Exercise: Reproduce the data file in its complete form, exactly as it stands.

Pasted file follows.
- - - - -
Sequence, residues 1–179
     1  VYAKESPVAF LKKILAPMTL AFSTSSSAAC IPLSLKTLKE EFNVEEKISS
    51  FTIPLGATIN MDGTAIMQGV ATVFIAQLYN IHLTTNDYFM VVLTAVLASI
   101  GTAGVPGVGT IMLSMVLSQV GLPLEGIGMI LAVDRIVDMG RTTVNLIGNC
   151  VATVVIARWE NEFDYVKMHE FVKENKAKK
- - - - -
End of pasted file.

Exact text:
Sequence, residues 1–179
     1  VYAKESPVAF LKKILAPMTL AFSTSSSAAC IPLSLKTLKE EFNVEEKISS
    51  FTIPLGATIN MDGTAIMQGV ATVFIAQLYN IHLTTNDYFM VVLTAVLASI
   101  GTAGVPGVGT IMLSMVLSQV GLPLEGIGMI LAVDRIVDMG RTTVNLIGNC
   151  VATVVIARWE NEFDYVKMHE FVKENKAKK